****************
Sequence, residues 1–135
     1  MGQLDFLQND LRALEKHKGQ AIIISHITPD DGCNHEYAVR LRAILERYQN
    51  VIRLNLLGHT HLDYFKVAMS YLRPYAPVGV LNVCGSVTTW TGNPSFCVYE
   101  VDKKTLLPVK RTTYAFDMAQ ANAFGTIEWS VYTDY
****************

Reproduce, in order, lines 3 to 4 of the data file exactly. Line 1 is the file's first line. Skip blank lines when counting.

    51  VIRLNLLGHT HLDYFKVAMS YLRPYAPVGV LNVCGSVTTW TGNPSFCVYE
   101  VDKKTLLPVK RTTYAFDMAQ ANAFGTIEWS VYTDY